Paul Beckman

Millhouse Again

 

Millhouse awoke when the page dropped on him. It was the third time and he got up and dove escaping the next crushing page. He followed an L road not knowing where he was going until he ran into a young girl who told him the reds are sweeter but the blacks are more authentic and he stopped at the top of the L and looked around and saw a licorice forest. Trees with all shapes some red and others with black and he picked a black one, smelled it and then ate it. He walked around the forest filling his pockets with licorice and another page came tumbling down on him.

*

The next page opened up and was getting ready to cover him over and Millhouse stepped to the side and watched as the page went from closed to open and trees and a lake popped up and there were people playing ball and riding bicycles so Millhouse took an S walk on path that Serpentined along the lake and took a bike off the rack that said, “Borrow a bike” and rode the path that read, I’m cool and then he stopped the bike stripped down, and jumped in the lake and swam in O’s until he was tired. He got out and walked to his clothes and shared licorice with boys and girls gathered around waiting for him. Some said goodbye, some goodnight, and some see you, and soon Millhouse was alone and tired.

*

Two pages later Millhouse walked around yawning and all the houses had their lights out except one and the lady who lived there was out watering her lawn with the sweet liquid that comes in the tiny root beer candy wax bottles. She said you look tired, why don’t you go in and take a nap? Millhouse walked into the kitchen and saw a plate with chocolate chip cookies and a glass of milk with a note that read—for Millhouse before you go to bed. He wiped the crumbs off his chin and went upstairs to the bedroom with an open door. He got into the pj’s that were lying on the bed after washing up and brushing and another page came at him—a small one that covered his body. Goodnight shoes, goodnight Millhouse, goodnight clothes and then the page turned again and Millhouse scampered out and got in the bed on the next page. The blanket was already turned down. There was a small peppermint patty on his pillow, He looked out the window and the moon said, and the Sun said, and the stars said, and the candy store said, and the hedgehog said, Goodnight Millhouse. And when Millhouse awoke in the morning he was sleeping in his own bed hugging his copy of Goodnight Millhouse.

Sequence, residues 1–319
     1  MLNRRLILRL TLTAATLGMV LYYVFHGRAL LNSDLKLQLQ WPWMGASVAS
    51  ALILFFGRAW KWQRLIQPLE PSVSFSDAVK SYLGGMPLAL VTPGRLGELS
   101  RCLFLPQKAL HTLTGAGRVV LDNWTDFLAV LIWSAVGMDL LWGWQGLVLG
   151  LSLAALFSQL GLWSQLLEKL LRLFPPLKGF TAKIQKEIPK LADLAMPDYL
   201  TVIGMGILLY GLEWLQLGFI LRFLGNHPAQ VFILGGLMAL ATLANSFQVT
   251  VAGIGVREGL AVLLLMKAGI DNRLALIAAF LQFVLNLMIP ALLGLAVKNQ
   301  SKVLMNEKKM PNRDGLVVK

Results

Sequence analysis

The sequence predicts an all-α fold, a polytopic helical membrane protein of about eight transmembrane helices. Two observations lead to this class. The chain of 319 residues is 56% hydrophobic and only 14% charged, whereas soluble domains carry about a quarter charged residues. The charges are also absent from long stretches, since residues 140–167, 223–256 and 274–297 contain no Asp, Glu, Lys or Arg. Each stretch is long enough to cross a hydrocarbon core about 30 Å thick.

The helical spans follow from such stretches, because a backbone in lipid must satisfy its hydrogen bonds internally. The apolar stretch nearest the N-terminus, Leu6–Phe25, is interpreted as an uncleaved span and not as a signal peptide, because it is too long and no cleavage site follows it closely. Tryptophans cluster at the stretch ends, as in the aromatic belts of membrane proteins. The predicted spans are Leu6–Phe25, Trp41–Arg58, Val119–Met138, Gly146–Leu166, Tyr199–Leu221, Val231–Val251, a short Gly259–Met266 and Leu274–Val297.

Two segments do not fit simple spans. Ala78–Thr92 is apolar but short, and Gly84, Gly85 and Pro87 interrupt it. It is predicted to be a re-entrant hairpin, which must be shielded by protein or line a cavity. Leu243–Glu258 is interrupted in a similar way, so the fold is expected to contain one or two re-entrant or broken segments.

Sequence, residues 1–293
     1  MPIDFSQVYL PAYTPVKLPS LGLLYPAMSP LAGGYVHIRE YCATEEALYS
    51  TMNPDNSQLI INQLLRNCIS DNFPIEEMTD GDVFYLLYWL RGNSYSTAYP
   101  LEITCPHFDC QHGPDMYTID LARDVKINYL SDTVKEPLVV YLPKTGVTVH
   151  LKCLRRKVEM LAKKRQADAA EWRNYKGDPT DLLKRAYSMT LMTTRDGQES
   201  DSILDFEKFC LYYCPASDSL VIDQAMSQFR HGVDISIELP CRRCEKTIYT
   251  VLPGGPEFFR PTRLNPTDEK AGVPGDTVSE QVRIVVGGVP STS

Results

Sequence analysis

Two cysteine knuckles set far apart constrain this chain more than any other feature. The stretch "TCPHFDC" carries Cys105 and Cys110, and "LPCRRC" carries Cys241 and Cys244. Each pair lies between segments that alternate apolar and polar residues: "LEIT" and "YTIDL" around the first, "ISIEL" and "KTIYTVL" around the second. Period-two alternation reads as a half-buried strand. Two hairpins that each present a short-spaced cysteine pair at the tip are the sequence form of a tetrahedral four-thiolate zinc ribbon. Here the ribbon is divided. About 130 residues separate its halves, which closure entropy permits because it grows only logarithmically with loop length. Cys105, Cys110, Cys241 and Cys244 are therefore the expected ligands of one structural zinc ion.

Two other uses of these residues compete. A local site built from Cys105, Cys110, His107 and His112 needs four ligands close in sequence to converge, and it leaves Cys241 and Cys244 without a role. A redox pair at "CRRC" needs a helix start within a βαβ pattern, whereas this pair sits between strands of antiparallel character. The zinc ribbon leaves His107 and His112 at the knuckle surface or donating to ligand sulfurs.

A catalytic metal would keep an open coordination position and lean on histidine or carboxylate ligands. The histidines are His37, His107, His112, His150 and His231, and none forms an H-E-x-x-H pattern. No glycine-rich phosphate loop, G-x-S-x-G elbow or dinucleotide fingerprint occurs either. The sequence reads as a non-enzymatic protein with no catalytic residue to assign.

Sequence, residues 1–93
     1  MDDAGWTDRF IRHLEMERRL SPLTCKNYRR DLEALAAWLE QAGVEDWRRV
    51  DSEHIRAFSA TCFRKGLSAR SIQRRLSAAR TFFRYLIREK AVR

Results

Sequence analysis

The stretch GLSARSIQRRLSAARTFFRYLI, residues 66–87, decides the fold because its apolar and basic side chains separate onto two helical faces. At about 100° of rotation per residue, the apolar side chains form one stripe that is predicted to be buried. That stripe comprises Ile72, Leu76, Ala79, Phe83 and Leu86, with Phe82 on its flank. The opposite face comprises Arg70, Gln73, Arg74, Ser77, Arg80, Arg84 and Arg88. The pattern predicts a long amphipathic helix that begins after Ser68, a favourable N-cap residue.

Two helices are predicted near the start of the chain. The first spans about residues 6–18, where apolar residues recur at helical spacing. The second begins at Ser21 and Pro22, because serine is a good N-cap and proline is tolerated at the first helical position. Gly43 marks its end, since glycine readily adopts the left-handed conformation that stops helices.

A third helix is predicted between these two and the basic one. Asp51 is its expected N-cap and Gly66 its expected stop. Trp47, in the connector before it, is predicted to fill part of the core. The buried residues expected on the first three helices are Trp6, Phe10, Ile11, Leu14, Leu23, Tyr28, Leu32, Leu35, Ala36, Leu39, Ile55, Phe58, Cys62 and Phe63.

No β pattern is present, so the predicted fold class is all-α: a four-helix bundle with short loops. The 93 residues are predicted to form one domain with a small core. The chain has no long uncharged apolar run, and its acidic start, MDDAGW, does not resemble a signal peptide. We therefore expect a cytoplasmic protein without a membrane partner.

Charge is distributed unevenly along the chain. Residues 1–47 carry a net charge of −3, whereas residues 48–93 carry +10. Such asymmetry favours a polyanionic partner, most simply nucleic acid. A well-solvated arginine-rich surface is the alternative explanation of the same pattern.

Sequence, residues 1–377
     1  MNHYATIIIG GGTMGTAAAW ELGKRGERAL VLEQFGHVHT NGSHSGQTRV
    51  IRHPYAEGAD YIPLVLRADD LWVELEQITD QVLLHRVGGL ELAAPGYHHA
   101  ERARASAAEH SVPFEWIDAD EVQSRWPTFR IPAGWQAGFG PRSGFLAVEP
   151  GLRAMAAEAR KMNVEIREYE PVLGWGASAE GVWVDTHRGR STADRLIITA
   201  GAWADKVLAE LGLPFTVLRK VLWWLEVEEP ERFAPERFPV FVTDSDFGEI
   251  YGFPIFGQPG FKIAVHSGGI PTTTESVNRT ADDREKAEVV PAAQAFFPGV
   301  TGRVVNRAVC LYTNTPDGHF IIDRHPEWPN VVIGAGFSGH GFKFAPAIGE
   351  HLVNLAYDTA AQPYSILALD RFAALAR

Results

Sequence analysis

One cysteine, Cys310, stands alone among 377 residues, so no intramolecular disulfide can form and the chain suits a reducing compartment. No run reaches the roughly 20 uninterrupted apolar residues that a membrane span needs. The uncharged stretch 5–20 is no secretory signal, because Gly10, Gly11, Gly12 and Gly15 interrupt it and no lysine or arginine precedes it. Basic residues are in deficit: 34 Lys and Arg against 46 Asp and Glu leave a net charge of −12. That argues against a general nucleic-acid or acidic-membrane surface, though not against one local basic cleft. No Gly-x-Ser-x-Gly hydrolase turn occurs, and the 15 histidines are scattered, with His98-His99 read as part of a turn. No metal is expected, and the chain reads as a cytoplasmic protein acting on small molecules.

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Paul Beckman’s newest collection of flash and micro fiction is Kiss Kiss (Truth Serum Press). He was one of the winners in the 2016 Best of Small Fictions and had a story chosen for the Norton New Micro Anthology 2018.